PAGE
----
'Jews cannot move freely in Germany': Merkel condemns anti-Semitism

'Jews cannot move freely in Germany': Merkel condemns anti-Semitism

05/18/2021

‘Jews cannot move freely in Germany’: Merkel condemns anti-Semitic abuse and attacks on synagogues during pro-Palestine protests across the country

  • ‘What has been heard in the last few days of hatred of Jews and anti-Semitic abuse is shameful,’ Steffen Seibert said on Monday following week of protests
  • He called an attack on a Jewish journalist during a demo in Berlin ‘outrageous’
  • Seibert said it showed that ‘Jews in Germany cannot move around as freely’
  • Police were deployed outside synagogues across the country after protests 

Angela Merkel’s spokesman has warned that Jews no longer feel safe in Germany as he condemned anti-Semitic abuse hurled at pro-Palestinian protests last week.

Police were deployed outside synagogues across the country after protests against Israel’s bombardment of the Gaza Strip descended into racial abuse. 

‘What has been heard in the last few days of hatred of Jews and anti-Semitic abuse is shameful,’ Merkel’s spokesman Steffen Seibert said on Monday.

He called it ‘particularly outrageous’ that a Jewish journalist had been attacked on the sidelines of a demonstration in Berlin at the weekend.

Seibert said this ‘highlights the fact that Jews in Germany cannot move around as freely and safely in some areas and in some situations as is the right of every citizen in Germany. And that makes us angry and it is shameful for all of us.’

A man is detained by riot police in Berlin during a pro-Palestine demonstration on Saturday

Protesters march to demonstrate for the rights of Palestinians in Berlin on Saturday. Similar demos were held across Germany last week and over the weekend

A protester holds a placard at a demonstration in Berlin on Saturday

Antonia Yamin, a reporter for Israeli state TV, was heckled during the demonstration in Berlin and was forced to run for cover after someone threw a firework which exploded near her. 

Speaking to the camera, she said: ‘I suspected that something like this could happen. It’s not the first time for me, in this part of Berlin, with a Hebrew microphone and speaking in Hebrew. Last time the same thing happened, also with a firecracker.’

There were numerous reports of anti-Semitic slogans being chanted in German cities amid anger at Israel’s bombardment of the Gaza Strip which has killed 212 Palestinians – including 61 children.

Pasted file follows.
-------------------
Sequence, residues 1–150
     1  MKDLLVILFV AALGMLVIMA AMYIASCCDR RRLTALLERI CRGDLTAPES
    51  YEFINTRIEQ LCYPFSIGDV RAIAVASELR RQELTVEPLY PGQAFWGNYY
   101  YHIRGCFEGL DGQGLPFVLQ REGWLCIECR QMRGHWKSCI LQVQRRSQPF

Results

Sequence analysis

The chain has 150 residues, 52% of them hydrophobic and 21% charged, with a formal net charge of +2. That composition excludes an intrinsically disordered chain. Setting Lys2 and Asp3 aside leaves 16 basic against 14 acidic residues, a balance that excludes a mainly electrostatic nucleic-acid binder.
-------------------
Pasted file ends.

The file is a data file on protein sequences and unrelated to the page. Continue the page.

Footage emerged from a protest outside a synagogue in the city of Gelsenkirchen which showed men yelling obscenities about Jews while waving Palestinian and Turkish flags.

Israeli flags were also burned outside synagogues in Munster and Bonn, where police made 16 arrests. 

A 29-year-old German citizen of Kazakh origin was arrested in Hamburg on Friday after striking a Jewish student over the head outside a synagogue. 

Seibert said that the recent spate of anti-Semitism showed that the problem existed across the political spectrum.

‘There are anti-Semites in various camps in Germany,’ he said. ‘Right-wing extremists and neo-Nazis have always been part of it. And in these days it becomes clear again to us: There are also Muslim anti-Semites.’

Last week, Seibert made it clear that Germany backed Israel’s right to defend itself from rocket attacks by Hamas.

‘The German government condemns these incessant rocket attacks from the Gaza Strip against Israeli cities in the strongest terms,’ Merkel’s spokesman said.

‘Israel has the right to self-defence against these attacks.’ 

Police secure the Westend Synagogue in Frankfurt am Main, Germany, after a pro-Palestine demonstration on Saturday

Police face participants as they gather to protest for peace in Palestine in Cologne

People hold the flags of Palestine, Turkey and other countries, as they gather in front of the opera house to demonstrate in Stuttgart

Merkel has been popular in Israel throughout her tenure and was the first ever politician to speak in German inside the Knesset, the parliament, during a visit in 2008. 

‘At this point, in particular, I would like to say explicitly: Every federal government and every chancellor before me were committed to Germany’s special historical responsibility for Israel’s security,’ Merkel said in the historic speech.

‘This historic responsibility of Germany is part of my country’s reason of state. That means Israel’s security is never negotiable for me as German chancellor.’

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